“When the market started to dry up and competition came in, you saw local growers pull back, go out of business, or find ways to reuse their greenhouses [for other crops],” says Brown.

This is how the Kitayama Brothers found themselves abandoning their trademark bloom.

“The South Americans did a good job—the varieties they had, the way they marketed them,” says Kitayama. “And also some of those companies were huge. In the end, we were the largest rose grower but we couldn’t fight against that well enough.”

The company got creative with its assets, renting off a third of its greenhouse space and transitioning from roses to a more diverse repertoire. Today, its biggest crops are Gerberas and lilies, but snapdragons, irises, tulips and many other varieties are also part of the Kitayama Brothers profile. Additionally, they began buying flowers from other growers to create an even wider range of offerings.

On a recent foggy morning at the Watsonville farm, Kitayama swings open a door to one of the farm’s many greenhouses. “It used to be all roses,” he says, “and now there are none.” The back portion of the vast greenhouse is a thick rainbow of Gerberas; in the section nearest to the door, a few men are finishing retrofitting what was, until recently, the last parcel used for growing roses to make room for more Gerberas. Things are actually starting to look up again, says Kitayama, noting, “we cut back, closed things, tightened our belts, got through, and now, just in the last five years, we are starting to expand again.”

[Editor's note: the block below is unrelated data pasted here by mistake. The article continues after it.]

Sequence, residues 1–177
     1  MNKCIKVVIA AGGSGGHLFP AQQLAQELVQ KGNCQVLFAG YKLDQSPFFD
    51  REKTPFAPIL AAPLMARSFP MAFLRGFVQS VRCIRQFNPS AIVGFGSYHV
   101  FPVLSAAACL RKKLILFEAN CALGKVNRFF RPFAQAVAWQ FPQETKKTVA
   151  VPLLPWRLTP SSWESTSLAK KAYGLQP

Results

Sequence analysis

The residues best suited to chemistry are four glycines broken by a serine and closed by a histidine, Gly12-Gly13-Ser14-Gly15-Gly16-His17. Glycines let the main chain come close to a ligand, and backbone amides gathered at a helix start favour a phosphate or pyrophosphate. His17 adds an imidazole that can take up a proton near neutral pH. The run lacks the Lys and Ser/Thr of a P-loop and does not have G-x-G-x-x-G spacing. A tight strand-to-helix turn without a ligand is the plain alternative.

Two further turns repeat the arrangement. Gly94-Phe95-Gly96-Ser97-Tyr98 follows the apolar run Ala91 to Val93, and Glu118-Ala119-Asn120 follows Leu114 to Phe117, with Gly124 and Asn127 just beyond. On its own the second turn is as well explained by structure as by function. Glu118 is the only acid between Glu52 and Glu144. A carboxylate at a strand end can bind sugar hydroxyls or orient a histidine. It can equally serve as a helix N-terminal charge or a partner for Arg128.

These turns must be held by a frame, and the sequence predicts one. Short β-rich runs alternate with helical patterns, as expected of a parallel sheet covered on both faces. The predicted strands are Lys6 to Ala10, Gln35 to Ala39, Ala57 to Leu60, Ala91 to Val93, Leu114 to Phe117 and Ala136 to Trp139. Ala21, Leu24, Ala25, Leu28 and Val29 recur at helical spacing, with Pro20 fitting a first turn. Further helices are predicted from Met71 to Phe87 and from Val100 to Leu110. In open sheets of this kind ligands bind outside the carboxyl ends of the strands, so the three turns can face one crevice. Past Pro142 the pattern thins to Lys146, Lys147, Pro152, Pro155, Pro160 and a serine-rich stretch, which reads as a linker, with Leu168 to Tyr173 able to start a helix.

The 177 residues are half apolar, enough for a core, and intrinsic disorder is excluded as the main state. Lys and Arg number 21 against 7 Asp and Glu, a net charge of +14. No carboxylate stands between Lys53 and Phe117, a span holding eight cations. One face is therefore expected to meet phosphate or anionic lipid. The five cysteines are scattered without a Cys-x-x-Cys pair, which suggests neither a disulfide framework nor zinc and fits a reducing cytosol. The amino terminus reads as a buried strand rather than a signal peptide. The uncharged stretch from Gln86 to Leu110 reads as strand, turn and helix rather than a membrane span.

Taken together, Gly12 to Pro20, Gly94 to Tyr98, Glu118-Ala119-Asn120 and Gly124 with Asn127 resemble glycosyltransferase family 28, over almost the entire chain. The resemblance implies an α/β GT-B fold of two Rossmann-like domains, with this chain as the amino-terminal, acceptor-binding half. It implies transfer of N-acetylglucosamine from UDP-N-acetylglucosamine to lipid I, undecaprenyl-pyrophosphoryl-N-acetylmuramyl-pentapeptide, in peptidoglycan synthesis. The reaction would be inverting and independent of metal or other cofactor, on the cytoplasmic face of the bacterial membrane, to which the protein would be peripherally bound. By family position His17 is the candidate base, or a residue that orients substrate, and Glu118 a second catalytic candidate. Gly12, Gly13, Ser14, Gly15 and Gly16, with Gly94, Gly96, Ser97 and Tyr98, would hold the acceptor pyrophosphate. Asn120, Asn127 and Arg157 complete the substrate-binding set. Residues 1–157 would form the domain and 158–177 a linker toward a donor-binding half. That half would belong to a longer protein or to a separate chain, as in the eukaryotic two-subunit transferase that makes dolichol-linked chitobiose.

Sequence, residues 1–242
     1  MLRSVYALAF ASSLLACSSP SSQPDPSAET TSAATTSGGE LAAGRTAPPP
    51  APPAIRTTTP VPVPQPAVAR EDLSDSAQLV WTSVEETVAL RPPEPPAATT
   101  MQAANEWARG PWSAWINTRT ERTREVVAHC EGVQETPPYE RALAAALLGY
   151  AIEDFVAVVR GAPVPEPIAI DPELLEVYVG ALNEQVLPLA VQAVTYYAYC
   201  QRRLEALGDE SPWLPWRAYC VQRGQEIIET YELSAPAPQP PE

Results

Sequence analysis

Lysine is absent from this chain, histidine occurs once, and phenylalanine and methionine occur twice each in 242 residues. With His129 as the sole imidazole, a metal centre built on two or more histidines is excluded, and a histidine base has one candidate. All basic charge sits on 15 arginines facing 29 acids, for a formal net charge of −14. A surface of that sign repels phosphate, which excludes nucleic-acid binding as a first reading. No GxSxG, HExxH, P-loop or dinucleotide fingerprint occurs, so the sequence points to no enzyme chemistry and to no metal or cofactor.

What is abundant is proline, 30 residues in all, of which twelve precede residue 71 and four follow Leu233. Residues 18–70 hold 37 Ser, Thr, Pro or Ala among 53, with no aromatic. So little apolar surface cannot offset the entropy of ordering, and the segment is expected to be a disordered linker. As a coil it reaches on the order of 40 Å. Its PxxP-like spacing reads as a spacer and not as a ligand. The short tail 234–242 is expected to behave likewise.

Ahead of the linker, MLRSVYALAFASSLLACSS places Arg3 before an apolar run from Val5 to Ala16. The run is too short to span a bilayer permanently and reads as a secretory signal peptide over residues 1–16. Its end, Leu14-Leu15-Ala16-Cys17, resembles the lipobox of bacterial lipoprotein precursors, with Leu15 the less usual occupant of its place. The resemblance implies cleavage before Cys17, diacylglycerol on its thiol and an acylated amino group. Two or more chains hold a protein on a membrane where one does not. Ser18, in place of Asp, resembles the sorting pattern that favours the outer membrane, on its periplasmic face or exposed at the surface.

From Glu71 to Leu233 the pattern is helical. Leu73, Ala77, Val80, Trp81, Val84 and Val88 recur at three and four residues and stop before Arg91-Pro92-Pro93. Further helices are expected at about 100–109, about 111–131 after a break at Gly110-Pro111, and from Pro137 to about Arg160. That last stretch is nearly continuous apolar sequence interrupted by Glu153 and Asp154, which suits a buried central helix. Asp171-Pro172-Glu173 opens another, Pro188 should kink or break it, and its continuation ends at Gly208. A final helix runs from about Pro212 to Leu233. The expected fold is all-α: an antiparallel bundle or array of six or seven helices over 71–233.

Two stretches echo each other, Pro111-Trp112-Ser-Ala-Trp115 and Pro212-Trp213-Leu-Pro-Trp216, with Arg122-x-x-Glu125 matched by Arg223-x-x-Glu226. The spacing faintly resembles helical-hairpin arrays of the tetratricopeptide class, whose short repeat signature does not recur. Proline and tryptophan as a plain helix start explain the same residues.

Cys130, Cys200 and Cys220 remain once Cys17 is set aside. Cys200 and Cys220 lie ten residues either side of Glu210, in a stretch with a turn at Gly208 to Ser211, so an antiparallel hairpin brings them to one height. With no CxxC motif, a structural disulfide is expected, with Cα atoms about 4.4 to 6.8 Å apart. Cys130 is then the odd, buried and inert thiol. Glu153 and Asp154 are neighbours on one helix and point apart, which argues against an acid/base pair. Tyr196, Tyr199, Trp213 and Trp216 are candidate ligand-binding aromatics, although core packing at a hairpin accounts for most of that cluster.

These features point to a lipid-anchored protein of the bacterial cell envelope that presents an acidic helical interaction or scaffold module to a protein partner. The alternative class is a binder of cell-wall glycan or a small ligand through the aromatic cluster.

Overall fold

About 10 miles inland from Kitayama Brothers’ coastal property, California Pajarosa boasts the title of the nation’s largest rose grower, in both volume and value, says general manager Paul Furman. However, their production was much higher in the 1980s.

“Every year there is another struggle,” says Furman. “Watsonville used to be the rose growing capitol; now there are only a few flower growers left, let alone rose growers.” 

Like Kitayama Brothers, California Pajarosa evolved to stay afloat as the floral industry changed, branching out into a variety of other flowers in addition to roses and becoming Veriflora certified for meeting strict sustainability requirements.

Both farms have also shifted to more localized markets. “Over the last 10 to 15 years it’s shifted toward the West Coast,” says Furman.

Fifty percent of Kitayama Brothers flowers are sold within 100 miles of the Watsonville greenhouses—a big difference from the heyday, when “we didn’t even have a listing in the local Yellow Pages,” recalls Kitayama.

To bolster their presence in the region, Kitayama Brothers and California Pajarosa are participating in the fourth annual Monterey Bay Greenhouse Growers Open House on Saturday, June 15. Watsonville-based Jacobs Farm and California Floral Greens will also be part of the guided tour.